Arch Wizard by Ed Greenwood

arch wizard coverI picked up this book because I thought the first one was decent and I liked the concept. Rod Everlar, a fantasy writer who thinks he is the sole creator of the world Falconfar, gets pulled into the very world he thought was fiction in order to save it from the evil wizards called Dooms trying to take it over. He discovers he is one of several Shapers, people who can control what happens in Falconfar using their dreams or writing. Taeauna, wingless Aumrarr who originally came to Rod and brought him to Falconfar, believes he is the Lord Archwizard who can save them all. See, doesn’t it sound like a great idea? By the end of the first book in the Falconfar Saga, Dark Lord, Taeauna has been kidnapped by the evil Doom Malraun and Rod is left on his own to stay alive, and hopefully save Taeauna. The summary of this book, Arch Wizard, on the inside front cover flap, reads thusly:

Having been drawn into a fantasy world of his own creation, Rod Everlar continues his quest to defeat the corruption he has discovered within. He sets off in pursuit of the dark wizard Malraun, only to find that he has raised an army of monsters and mercenaries in order to conquer the world…

I can understand why the summary is so exceedingly simple and vague, because the book is anything but. It is ridiculously complicated, with a plethora of characters and POVs that I think were supposed to make the story more interesting but instead made it way too confusing. I read the first book a few years ago, so I didn’t remember much about it besides the main characters and it was good enough that I wanted to read the second one. Luckily, Greenwood provides as VERY brief “The Story Thus Far” at the beginning of the book that wasn’t all that helpful. I was almost a full third of the way into the book before I started figuring out which character was which and what was going on. I finally looked for a character list and found one in the back of the book, which I referenced repeatedly, even though Greenwood warned you that plot points might be given away. I didn’t care, I had no clue what was going on otherwise. It was very frustrating.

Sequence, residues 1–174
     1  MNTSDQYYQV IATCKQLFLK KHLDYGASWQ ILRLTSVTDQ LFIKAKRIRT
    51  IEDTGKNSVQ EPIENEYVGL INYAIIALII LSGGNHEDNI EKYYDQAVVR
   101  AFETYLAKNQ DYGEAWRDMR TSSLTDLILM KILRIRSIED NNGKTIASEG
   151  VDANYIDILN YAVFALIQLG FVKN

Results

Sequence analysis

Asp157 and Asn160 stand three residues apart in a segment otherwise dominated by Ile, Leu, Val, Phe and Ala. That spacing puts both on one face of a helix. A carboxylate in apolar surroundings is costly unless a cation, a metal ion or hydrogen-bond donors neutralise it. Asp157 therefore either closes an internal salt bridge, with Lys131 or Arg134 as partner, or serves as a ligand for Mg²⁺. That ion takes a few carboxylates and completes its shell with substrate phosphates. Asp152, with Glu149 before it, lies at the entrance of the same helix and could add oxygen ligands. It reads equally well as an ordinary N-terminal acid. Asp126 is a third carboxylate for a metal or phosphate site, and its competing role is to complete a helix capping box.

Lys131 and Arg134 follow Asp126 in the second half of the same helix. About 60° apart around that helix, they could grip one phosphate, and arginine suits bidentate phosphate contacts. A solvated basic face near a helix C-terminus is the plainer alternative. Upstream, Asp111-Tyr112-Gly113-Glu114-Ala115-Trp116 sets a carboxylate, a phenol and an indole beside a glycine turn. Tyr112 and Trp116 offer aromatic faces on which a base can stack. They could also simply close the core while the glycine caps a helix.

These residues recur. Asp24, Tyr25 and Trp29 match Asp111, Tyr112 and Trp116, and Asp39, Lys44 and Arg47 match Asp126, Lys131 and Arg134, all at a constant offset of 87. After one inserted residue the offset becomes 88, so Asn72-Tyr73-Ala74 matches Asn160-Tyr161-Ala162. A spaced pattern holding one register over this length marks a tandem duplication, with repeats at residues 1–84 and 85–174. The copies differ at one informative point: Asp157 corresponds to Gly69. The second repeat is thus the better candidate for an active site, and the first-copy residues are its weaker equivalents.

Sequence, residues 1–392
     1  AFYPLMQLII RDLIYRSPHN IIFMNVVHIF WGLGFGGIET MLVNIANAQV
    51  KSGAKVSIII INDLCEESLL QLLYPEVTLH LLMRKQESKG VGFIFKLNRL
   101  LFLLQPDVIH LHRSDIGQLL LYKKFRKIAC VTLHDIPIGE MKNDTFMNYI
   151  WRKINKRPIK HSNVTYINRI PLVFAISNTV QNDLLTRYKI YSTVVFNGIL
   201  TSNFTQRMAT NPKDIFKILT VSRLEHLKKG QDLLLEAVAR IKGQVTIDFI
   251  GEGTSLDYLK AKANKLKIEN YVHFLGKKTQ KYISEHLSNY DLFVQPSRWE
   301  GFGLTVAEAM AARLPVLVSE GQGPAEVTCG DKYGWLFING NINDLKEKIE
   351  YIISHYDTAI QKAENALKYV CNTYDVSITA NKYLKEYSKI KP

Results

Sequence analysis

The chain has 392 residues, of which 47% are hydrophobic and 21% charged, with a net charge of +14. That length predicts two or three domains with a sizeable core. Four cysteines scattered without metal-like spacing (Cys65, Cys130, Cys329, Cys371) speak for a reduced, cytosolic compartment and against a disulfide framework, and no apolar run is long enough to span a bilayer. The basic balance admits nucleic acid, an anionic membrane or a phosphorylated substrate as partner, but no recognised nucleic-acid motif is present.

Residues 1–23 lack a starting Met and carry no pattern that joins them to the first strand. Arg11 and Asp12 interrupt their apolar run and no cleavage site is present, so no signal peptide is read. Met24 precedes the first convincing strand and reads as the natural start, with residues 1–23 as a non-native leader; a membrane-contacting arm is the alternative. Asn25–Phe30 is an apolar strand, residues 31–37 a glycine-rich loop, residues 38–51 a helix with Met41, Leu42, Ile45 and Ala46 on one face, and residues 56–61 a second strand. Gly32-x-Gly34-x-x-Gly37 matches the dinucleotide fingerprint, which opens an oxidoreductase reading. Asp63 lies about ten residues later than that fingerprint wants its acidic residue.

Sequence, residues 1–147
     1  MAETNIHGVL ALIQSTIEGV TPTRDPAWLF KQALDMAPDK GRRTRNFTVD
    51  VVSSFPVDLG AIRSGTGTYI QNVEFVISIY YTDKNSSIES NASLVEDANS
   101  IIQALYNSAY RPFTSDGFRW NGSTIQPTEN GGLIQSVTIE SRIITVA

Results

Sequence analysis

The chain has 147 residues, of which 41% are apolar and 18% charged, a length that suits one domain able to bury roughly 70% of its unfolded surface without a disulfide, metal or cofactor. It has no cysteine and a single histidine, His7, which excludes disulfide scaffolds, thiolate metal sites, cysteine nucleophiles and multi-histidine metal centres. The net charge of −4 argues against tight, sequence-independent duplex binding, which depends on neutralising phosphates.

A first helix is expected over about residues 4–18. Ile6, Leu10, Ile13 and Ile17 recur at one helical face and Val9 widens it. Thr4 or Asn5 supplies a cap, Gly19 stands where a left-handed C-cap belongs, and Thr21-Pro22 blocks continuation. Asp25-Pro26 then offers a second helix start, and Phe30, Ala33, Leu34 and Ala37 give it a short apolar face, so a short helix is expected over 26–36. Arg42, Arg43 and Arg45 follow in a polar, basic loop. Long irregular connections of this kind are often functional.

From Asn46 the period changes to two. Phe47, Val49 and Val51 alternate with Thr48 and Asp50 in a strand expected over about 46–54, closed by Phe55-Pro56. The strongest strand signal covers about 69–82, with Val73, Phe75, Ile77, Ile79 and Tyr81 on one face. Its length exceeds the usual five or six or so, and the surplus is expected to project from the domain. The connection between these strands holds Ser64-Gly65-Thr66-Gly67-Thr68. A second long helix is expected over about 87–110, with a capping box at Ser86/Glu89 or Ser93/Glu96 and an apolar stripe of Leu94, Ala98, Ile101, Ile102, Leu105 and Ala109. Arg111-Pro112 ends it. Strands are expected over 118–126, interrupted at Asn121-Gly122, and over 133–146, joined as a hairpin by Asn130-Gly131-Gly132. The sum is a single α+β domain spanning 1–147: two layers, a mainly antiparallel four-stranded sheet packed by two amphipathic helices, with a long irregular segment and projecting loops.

This entire book read like one of those in-between novels, that was just setting you up for the next one. Which now that I think about it, that’s what the first book was like too, with a cliffhanger ending, explaining why I wanted to read the next one. The bad news is, it was so poorly done, I don’t want to read the next one. I almost didn’t even finish this one, just kept holding out hope that it was going to get better (it didn’t) Rod was going to have a bigger role and be more interesting (he wasn’t) and Taeauna was going to be her own character again instead of Malraun’s mind-controlled sex slave (never happened). Tons of new characters were introduced–at least, they were new to me since if they were in the last book they were not very memorable–and they never seemed to connect to anything else that was happening. Worst of all, I just finished reading this book mere moments ago, and honestly, I couldn’t summarize it for you any better than that annoyingly vague summary from the cover flap. What a disappointment. Don’t bother reading this book.

Happy reading (of other things),

-Branwen

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